A better message may be this: “Give up trying to control your body, make peace with yourself and make positive changes in your life that feel good to you and fit your needs and interests, find people who support you no matter what and stop measuring your appearance as health," says anti-diet and body-positive expert, Rebecca Scritchfield, RDN, author of Body Kindness and Founder of the Spiral Up club.
She explains that eating well, moving and loving life are valuable and important markers of health improvement — whether you lose weight or not. Sometimes our bodies just settle where they want.
Where Does Food Porn Fit In?
On top of the anti-weight loss sentiment, I’ve also seen more food porn coming from my anti-diet friends. Everything from oversized bagels to pizza to burgers to monstrous ice cream cones. What gives?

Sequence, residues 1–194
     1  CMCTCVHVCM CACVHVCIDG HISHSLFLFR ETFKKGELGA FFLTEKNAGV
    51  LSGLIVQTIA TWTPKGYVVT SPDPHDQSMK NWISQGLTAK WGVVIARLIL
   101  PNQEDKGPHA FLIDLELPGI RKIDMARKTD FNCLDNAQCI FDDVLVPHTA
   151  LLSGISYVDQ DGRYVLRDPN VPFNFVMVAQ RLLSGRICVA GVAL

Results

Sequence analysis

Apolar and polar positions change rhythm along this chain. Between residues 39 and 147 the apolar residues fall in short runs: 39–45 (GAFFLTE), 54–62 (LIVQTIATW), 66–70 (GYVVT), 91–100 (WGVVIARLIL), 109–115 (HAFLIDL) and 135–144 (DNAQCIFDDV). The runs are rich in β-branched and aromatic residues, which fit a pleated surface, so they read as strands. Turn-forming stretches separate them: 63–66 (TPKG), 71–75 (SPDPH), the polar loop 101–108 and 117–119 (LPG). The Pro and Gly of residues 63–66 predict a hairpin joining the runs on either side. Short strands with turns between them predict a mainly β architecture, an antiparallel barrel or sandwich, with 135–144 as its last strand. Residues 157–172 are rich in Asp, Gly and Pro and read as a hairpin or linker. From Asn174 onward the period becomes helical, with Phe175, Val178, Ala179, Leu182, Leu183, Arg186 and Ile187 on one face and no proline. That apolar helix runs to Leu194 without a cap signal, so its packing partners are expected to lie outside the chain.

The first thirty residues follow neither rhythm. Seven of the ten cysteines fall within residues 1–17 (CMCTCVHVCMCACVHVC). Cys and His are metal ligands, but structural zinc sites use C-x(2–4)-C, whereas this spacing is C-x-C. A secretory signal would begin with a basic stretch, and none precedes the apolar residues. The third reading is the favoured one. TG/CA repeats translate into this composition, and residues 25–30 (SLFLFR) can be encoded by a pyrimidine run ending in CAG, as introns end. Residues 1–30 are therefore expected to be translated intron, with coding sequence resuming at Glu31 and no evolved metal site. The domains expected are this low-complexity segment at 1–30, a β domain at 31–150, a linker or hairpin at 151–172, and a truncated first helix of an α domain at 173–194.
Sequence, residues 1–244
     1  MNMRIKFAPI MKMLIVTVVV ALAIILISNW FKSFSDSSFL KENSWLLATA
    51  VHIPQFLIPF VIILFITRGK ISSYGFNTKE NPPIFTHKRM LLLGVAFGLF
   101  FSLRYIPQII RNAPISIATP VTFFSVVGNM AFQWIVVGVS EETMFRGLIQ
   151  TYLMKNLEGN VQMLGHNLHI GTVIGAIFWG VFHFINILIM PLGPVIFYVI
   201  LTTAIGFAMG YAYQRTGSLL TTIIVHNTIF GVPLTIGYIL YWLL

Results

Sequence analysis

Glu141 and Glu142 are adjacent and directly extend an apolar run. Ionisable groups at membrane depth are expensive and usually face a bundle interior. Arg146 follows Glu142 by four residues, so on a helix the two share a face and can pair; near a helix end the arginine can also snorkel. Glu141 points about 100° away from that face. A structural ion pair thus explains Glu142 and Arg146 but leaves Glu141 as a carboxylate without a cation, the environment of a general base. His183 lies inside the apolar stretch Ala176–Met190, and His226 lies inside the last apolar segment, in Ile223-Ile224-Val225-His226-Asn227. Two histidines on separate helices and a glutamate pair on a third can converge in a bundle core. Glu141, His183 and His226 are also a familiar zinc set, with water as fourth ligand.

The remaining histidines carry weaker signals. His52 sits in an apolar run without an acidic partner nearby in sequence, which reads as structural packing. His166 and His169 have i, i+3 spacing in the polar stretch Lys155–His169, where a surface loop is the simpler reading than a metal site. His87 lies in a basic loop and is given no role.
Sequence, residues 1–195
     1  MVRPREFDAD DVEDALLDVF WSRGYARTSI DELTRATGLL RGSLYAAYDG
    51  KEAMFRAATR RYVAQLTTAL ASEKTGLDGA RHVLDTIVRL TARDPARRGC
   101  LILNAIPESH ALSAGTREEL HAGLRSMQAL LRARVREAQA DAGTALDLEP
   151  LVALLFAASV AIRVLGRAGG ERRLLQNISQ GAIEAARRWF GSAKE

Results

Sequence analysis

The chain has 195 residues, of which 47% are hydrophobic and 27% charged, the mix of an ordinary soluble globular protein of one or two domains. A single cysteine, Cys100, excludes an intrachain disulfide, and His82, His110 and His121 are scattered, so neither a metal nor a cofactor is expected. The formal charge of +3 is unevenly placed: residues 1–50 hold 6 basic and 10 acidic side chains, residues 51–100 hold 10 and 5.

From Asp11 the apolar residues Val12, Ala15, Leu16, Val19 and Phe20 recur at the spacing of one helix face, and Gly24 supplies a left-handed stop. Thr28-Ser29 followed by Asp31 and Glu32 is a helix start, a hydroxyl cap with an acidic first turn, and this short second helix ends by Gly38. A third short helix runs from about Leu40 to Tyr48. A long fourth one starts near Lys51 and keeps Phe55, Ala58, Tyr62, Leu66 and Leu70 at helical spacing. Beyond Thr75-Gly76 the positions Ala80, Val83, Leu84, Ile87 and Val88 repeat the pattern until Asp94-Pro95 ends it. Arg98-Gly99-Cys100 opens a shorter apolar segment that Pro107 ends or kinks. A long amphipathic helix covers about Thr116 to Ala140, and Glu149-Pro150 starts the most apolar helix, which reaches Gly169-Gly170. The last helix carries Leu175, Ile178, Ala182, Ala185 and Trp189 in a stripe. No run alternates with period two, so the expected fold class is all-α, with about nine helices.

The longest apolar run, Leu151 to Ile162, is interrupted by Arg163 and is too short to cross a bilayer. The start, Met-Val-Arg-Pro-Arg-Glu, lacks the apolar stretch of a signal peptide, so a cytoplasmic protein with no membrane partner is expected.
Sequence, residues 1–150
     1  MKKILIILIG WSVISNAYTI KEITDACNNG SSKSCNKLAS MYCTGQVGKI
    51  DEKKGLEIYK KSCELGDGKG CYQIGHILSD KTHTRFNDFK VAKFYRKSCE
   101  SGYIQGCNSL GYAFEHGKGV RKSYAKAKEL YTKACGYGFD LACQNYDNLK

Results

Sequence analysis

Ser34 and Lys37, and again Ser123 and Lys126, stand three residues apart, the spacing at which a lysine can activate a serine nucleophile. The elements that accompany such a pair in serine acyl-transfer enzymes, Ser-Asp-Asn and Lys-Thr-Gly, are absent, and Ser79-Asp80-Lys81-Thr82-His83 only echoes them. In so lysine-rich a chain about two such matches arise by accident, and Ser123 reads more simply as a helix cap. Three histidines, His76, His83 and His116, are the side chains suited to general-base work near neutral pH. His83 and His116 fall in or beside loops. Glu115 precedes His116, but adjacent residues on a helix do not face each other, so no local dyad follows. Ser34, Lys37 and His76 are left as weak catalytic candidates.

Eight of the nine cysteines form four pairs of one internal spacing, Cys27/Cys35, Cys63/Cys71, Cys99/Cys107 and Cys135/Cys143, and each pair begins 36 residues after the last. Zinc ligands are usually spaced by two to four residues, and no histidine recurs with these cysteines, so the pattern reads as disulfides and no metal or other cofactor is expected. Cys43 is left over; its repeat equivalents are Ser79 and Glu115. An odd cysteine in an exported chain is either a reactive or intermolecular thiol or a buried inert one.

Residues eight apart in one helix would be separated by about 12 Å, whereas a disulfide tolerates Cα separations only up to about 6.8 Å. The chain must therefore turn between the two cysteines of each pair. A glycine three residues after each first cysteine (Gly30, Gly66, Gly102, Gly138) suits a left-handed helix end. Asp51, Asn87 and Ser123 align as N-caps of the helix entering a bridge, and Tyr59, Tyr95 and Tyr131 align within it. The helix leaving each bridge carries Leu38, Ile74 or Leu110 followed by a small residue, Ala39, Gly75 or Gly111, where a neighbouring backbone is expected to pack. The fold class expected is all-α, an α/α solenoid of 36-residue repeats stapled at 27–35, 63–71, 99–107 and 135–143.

“I dislike the dichotomy that you're either restricting and dieting severely or eating pizza, cupcakes and huge bowls of pasta without a care,” says dietitian Andy Bellatti, Strategic Director of Dietitians for Professional Integrity. “I don’t support diets per say, but that doesn't mean I suggest people eat mindlessly,” he says. (It’s worth noting that eating mindfully is an important pillar of intuitive eating, but this doesn’t always shine through a short Instagram post promoting anti-diet services.) “The important part that is missing from all of this is the why. If you’re eating cupcakes and pizza (or restricting your food intake to an unhealthy degree) as a way to numb feelings or because you feel worthless, that is not healthy,” he explains.
I dislike the dichotomy that you're either restricting and dieting severely or eating pizza, cupcakes and huge bowls of pasta without a care.